[[[ But the UBI is no panacea to the problems of capitalism and we shouldn’t pretend it is. Any Citizens Income will always be framed within the tight parameters that capitalism will permit. A reform which will only be passed if it fits in with the agenda of the employing class, will have sufficient built-in constraints that it will fail to satisfy the expectations and hopes of our fellow workers and as the reform was made in the name of "socialism" and promoted by those calling themselves "socialists" then the subsequent disillusionment and disappointment will not be with capitalism and the owning class but with the actual idea of socialism and those recognised to be "socialists". ]]]

The theme that the inevitable failure was preordained such as to blame socialism, and I assume to reduce the influence of future socialist agendas, is a strange idea that had been mentioned last year by some who were surely trolling against Bernie Sanders. It makes no logical sense. Outside of right wing spin, of which common sense is not a prerequisite , no one is blaming climate control groups, like 350.org, for the lack of procedures and planning to counter climate change. People know where the resistance is coming from. The destruction of New Deal policies over the last half century was not due to the failure of the New Deal and New Deal politicians but to the lack of New Deal politicians in the two 'major' parties. No sane person, again outside of the right wing, is blaming the New Deal's demise on the New Deal itself.

This has been the old standby propaganda by the right wing, even long before the McCarthy period. Any decent and rational proposal was condemned as 'socialism', equating it with communism, which by the propaganda bible meant it was a deadly enemy to freedom loving people the world over. Workers rights, voting rights, minimum wage, overtime pay, Social Security, Medicare. All 'threats' to freedoms loving people. The younger generations, free of the brainwashing attempts of the past half century and who get their information from IT sources and skip the bastion of propaganda, the main stream media, are not buying the old bs for a second. As was anyone with their eyes opened. The Sanders' movement and the Green Party supporters have demonstrated this.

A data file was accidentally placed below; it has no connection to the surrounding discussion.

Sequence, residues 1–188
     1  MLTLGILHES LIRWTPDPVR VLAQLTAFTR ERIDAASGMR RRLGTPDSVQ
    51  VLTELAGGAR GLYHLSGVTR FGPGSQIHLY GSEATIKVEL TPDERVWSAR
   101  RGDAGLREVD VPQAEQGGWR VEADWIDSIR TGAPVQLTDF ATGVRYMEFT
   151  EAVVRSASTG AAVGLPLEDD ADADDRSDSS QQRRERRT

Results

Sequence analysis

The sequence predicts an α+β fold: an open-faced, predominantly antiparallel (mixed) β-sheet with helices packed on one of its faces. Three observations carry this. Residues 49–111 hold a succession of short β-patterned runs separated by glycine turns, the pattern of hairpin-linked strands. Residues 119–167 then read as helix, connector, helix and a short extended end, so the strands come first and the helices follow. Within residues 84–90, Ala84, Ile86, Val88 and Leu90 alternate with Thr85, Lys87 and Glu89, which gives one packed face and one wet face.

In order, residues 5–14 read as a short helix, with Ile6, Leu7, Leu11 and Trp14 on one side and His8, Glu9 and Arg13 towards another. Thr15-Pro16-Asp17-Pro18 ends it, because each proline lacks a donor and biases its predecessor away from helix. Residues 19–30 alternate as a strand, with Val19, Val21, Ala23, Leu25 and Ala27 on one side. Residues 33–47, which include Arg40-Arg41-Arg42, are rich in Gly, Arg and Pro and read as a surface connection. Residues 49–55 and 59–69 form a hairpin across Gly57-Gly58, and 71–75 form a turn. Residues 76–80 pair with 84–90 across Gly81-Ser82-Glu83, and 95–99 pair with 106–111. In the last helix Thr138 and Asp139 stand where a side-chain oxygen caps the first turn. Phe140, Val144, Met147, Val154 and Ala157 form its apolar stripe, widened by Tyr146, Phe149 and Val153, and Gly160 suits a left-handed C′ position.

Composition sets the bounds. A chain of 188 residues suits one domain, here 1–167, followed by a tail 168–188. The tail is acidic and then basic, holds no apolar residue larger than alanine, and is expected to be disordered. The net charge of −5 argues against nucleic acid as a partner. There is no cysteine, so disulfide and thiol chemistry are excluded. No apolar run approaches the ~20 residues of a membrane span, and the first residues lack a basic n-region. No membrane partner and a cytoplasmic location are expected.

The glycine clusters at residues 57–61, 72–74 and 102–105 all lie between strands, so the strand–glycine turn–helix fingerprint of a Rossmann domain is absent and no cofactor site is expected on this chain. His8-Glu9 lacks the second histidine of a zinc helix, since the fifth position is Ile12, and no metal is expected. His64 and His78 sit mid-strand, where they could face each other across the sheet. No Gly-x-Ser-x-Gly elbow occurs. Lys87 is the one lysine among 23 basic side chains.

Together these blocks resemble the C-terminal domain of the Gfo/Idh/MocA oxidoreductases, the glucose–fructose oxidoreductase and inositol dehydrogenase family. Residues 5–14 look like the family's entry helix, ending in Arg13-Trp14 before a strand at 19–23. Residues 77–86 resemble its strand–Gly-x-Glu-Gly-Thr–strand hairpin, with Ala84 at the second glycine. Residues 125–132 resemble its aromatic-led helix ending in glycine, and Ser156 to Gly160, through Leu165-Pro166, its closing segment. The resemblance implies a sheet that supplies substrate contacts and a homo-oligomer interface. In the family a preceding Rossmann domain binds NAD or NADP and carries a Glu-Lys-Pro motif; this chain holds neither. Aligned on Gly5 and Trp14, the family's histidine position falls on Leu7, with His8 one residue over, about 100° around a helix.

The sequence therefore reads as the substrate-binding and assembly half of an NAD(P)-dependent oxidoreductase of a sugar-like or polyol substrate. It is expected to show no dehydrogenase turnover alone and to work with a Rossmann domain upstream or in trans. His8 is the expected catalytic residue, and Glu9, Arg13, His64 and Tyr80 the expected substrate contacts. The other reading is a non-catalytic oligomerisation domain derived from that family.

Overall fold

#11

Thanks for your thoughtful reply.
While i can recognise positive aspects of UBI, i also recognise that there is much more to the story than is often presented by its proponents.

First of all it is not a new or novel suggestion. Have you read about the Speenhamland System
http://www.historyhome.co.uk/peel/poorlaw/speen.htm

So we do have a long and extensive experience to judge UBI. It is not some sort of abstract hypothesis. Similar projects periodically crop up throughout history. In fact it can be claimed that the first UBI was as far back as the first Muslim caliph, Abu Bakr (573-634 CE), who introduced a guaranteed minimum standard of income, granting each man, woman, and child ten dirhams annually; this was later increased to twenty dirhams.

Thomas Paine advocated a citizen's dividend to all US citizens as compensation for "loss of his or her natural inheritance, by the introduction of the system of landed property" (Agrarian Justice, 1795).

Napoleon Bonaparte echoed Paine's sentiments and commented that 'man is entitled by birthright to a share of the Earth's produce sufficient to fill the needs of his existence'.

So we should look at why it has not been adopted in the modern age of capitalism.

I should have elaborated on the downsides more in my original post

For example, The head of the Social Development Centre Waterloo Region says she's not sure a guaranteed minimum income program is all its cracked up to be.